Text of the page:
of the optic nerve.[27] If there is intracranial meningioma present, such as a clinoidal or
tuberculum sellae meningioma, special consideration should be taken to remove the intracranial
portion in order to prevent spread to the normal contralateral optic nerve, thus sparing vision in
the good eye.

Visual improvement after ONSM resection has been reported in the literature, albeit rarely, and
usually in association with ONSMs that were small, situated anteriorly, and close to the globe,
and were not associated with significant neural invasion. In Dutton's review of ONSMs treated
with resection,[9] the mortality rate was 0%, the rate of operative complication was 30%, and the
recurrence rate was 25%. Visual outcomes after resection showed improvement in only 5% of
cases, with most patients (78%) experiencing no light perception.

Radiotherapy With or Without Resection

In an attempt to preserve visual function, subtotal resection with postoperative radiotherapy

became a highly utilized strategy for combined therapy. Despite the historical notion that
meningiomas in general were considered radioresistant, visual stabilization or even improvement
was reported by several groups.[5,7,12,13,15] Nevertheless, postoperative complication rates did not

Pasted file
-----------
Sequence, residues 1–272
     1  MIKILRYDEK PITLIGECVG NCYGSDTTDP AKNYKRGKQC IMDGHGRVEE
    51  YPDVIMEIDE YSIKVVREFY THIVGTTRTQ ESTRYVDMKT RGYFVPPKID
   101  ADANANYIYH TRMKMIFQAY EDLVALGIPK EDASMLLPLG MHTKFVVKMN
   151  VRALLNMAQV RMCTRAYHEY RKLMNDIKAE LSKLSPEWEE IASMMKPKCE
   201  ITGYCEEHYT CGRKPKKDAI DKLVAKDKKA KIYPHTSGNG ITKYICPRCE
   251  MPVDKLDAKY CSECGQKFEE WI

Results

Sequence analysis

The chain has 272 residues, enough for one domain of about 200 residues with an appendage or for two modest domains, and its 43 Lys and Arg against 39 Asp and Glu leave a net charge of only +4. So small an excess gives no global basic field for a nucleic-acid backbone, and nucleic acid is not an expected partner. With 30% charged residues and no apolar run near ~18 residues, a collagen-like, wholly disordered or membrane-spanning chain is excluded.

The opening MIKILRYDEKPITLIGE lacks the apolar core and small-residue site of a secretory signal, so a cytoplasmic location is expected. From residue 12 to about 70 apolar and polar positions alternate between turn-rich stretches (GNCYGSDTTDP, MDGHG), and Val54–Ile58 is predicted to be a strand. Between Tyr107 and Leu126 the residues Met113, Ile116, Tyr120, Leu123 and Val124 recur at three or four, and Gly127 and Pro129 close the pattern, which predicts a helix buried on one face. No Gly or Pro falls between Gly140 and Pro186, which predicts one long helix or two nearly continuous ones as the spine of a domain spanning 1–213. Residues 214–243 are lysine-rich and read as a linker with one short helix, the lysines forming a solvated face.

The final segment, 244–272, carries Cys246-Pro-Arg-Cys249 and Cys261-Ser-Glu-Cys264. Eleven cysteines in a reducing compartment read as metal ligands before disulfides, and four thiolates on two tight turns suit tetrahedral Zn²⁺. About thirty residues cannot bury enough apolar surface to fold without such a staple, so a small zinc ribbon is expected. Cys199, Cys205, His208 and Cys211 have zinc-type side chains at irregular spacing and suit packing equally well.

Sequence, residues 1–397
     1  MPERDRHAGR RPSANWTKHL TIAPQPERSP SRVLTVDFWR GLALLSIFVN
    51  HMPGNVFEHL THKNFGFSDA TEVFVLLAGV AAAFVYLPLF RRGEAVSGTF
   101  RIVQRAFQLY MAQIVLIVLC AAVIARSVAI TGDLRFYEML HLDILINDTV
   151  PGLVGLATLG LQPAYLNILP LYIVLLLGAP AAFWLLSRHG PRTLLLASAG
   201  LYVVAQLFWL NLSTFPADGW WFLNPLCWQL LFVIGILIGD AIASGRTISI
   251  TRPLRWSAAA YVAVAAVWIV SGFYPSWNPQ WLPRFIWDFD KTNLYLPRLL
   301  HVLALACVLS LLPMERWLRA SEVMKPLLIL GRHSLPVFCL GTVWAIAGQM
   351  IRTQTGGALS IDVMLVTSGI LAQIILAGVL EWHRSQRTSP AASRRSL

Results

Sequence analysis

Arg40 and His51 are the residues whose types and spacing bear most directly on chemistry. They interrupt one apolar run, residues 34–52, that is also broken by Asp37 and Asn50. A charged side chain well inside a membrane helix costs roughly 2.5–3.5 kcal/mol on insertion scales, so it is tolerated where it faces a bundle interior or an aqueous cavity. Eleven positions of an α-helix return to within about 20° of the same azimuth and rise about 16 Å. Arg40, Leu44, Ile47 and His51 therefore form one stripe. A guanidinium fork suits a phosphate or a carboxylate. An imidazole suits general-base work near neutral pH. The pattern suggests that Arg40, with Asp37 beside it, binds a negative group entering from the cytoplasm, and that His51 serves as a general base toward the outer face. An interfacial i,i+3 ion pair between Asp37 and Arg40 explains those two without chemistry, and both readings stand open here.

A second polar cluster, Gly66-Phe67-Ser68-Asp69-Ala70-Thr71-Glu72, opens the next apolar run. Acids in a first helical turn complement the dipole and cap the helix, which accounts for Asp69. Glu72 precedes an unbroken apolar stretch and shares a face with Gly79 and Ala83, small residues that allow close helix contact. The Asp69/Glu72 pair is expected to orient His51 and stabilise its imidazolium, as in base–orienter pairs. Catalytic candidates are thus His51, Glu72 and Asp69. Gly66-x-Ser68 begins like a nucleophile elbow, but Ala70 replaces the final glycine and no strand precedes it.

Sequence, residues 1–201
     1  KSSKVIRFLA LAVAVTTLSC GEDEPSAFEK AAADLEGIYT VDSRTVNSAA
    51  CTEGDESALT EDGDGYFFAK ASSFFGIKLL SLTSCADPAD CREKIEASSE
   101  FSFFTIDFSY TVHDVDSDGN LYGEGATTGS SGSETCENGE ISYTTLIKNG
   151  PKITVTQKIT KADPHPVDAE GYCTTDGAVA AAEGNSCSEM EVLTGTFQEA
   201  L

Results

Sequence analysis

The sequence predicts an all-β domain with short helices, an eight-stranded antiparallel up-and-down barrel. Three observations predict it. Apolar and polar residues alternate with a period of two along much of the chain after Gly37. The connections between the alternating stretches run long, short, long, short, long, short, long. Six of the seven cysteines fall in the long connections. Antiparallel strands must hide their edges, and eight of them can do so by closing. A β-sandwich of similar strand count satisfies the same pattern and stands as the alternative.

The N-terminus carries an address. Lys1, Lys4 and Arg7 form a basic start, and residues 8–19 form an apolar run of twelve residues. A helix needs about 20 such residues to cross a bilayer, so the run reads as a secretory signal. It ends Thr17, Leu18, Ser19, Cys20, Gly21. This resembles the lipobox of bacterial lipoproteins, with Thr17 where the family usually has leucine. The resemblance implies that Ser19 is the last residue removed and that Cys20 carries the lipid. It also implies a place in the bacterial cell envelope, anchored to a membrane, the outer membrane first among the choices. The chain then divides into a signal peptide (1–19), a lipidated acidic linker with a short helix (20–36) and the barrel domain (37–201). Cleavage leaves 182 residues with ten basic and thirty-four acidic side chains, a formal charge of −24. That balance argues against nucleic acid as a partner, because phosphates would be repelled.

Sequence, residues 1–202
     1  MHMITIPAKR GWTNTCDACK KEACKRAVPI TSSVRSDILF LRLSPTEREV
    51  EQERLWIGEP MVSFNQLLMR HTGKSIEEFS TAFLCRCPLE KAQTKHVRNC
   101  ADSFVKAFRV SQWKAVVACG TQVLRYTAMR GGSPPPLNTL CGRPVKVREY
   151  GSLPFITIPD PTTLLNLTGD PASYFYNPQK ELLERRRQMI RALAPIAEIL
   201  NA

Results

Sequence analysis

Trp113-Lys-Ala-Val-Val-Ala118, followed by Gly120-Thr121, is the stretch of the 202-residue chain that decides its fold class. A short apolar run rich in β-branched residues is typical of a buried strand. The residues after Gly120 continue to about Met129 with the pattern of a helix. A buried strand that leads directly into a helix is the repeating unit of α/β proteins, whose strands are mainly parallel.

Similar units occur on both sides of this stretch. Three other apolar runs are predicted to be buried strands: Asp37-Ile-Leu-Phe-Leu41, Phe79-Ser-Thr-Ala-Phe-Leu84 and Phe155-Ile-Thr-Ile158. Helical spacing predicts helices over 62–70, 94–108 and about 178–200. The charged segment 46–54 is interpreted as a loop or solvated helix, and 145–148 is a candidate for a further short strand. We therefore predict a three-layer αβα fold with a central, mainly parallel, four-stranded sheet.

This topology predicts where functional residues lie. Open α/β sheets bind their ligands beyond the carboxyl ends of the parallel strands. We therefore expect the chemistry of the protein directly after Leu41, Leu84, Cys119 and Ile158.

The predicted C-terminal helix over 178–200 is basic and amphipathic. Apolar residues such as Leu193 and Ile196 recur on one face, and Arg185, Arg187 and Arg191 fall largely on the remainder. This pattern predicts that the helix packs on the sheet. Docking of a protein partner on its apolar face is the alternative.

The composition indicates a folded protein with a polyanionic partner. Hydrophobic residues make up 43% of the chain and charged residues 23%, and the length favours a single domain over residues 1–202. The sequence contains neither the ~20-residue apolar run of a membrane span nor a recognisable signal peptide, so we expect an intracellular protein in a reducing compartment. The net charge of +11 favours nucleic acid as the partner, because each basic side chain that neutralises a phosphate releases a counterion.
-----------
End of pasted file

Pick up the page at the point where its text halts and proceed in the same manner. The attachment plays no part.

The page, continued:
differ significantly in patients treated with combined therapy as compared with surgery alone.
Given that visual improvement had been demonstrated with combined therapy, several
investigators examined the use of conventional radiotherapy in lieu of surgery. Smith et al.[32]
were the first authors to clearly demonstrate the efficacy of radiotherapy in patients with primary
ONSMs. Dutton[9] examined the literature with respect to ONSMs treated by means of
radiotherapy and reported that visual acuity improved in 75% of cases, remained stable in 8%,
and declined in 17%. Widespread use of radiotherapy for the treatment ONSMs did not flourish
at that time, primarily due to fears of radiation toxicity, even though complication rates at the
doses used in those studies (approximately 54 Gy given in daily 1.8-Gy fractions) were less than

Turbin et al.[35] reported on 64 patients with ONSMs in whom the lesions had been managed with
either observation alone, surgery alone, surgery with postoperative radiotherapy, or radiotherapy
alone and concluded that treatment with radiotherapy alone resulted in the best long-term visual
outcomes. Nevertheless, 33% of these patients developed complications from conventional
radiotherapy, including radiation retinopathy, retinal vascular occlusion, persistent iritis, and
temporal lobe atrophy. These complications were attributed to nonconformal delivery of

Technological developmentnamely the ability to administer conformal radiation doses to a

tumor, thereby reducing adjacent tissue exposure which would theoretically minimize radiation
toxicityled to increased primary treatment of ONSMs using radiotherapy alone. Several